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Title: The intertidal zone of the North-East Atlantic region: pattern and process.
Authors: Hawkins, SJ
Pack, KE
Firth, LB
Mieskowska, N
Evans, AJ
Martins, GM
Aberg, P
Adams, LC
Arenas, F
Boaventura, DM
Bohn, K
Borges, CDG
Castro, JJ
Coleman, R
Crowe, T
Cruz, T
Davies, MS
Epstein, G
Faria, J
Ferreira, JG
Frost, NJ
Griffin, JN
Hanley, ME
Herbert, RJH
Hyder, K
Johnson, MP
Lima, FP
Masterson-Algar, P
Moore, PJ
Moschella, PS
Notman, GM
Pannacciulli, FG
Ribeiro, PA
Santos, AM
Silva, ACF
Skov, MW
Sugden, H
Vale, M
Wangkulangkul, K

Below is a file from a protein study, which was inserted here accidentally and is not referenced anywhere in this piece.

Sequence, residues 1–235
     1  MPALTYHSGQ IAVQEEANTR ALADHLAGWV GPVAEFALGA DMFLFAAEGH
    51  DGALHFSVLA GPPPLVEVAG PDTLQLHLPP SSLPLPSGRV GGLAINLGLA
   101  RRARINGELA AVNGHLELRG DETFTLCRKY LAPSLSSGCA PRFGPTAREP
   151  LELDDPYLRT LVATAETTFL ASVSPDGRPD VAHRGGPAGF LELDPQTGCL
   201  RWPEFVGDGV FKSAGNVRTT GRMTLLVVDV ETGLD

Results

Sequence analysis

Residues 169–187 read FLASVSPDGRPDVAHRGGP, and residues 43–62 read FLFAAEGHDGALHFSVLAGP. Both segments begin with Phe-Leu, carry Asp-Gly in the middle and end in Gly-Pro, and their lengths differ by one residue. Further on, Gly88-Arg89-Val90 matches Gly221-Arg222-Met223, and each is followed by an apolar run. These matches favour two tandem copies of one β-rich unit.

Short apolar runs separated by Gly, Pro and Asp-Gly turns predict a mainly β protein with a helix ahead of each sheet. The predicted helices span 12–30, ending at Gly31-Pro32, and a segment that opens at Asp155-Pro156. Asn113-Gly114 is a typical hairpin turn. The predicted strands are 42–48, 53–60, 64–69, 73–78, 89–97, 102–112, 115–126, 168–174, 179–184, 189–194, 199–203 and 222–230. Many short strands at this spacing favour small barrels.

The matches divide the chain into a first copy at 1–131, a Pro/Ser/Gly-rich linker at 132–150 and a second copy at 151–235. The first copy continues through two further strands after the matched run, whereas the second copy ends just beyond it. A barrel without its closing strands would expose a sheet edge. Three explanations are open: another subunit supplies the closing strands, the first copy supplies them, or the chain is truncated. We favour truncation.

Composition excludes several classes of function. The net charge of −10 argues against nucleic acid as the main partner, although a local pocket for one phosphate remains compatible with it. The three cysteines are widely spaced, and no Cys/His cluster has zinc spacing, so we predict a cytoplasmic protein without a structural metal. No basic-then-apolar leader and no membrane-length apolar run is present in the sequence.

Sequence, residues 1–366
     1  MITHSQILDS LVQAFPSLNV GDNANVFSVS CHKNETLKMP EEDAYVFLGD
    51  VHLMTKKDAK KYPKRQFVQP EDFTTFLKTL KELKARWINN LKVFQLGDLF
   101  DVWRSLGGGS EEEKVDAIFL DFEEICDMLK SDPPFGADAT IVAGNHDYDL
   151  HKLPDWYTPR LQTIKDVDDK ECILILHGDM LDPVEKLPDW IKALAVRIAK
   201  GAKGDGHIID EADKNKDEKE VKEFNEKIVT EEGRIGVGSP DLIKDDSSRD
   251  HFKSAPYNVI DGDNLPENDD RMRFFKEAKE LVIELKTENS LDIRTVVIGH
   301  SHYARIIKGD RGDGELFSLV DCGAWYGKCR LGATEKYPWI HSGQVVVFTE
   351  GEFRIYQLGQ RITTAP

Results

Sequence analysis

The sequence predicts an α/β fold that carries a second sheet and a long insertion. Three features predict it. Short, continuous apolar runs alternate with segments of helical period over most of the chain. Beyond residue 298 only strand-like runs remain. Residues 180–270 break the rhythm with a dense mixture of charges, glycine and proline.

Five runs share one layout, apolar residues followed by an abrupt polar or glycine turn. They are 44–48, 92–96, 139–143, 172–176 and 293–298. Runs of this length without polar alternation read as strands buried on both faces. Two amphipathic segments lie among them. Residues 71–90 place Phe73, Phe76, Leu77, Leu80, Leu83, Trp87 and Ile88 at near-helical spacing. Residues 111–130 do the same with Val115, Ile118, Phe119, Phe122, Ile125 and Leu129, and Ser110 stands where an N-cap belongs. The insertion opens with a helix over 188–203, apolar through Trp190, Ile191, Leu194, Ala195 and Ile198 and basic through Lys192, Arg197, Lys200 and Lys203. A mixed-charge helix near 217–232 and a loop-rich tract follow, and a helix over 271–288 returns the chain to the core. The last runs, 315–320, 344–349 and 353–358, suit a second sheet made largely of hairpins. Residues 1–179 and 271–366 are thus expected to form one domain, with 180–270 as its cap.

Wort, EJG
Thompson, RC
Hartnoll, RG
Burrows, MT
Jenkins, SR
Editors: SJ Hawkins, K Bohn
LB Firth, GA Williams
Issue Date: 2019
Publisher: Cambridge University Press
Citation: Hawkins, S. J., K. E. Pack, L. B. Firth, N. Mieszkowska, A. J. Evans, G. M. Martins, P. Åberg, L. C. Adams, F. Arenas, D. M. Boaventura, K. Bohn, C. D. G. Borges, J. J. Castro, R. A. Coleman, T. P. Crowe, T. Cruz, M. S. Davies, G. Epstein, J. Faria, J. G. Ferreira, N. J. Frost, J. N. Griffin, M. E. Hanley, R. J. H. Herbert, K. Hyder, M. P. Johnson, F. P. Lima, P. Masterson-Algar, P. J. Moore, P. S. Moschella, G. M. Notman, F. G. Pannacciulli, P. A. Ribeiro, A. M. Santos, A. C. F. Silva, M. W. Skov, H. Sugden, M. Vale, K. Wangkulangkul, E. J. G. Wort, R. C. Thompson, R. G. Hartnoll, M. T. Burrows e S. R. Jenkins, 2019. The intertidal zone of the North-East Atlantic region: pattern and process. Pp. 7-46 In S. J. Hawkins, K. Bohn, L. B. Firth e G. A. Williams (eds.) Interactions in the marine benthos: global patterns and processes. Cambridge University Press. 516 pp.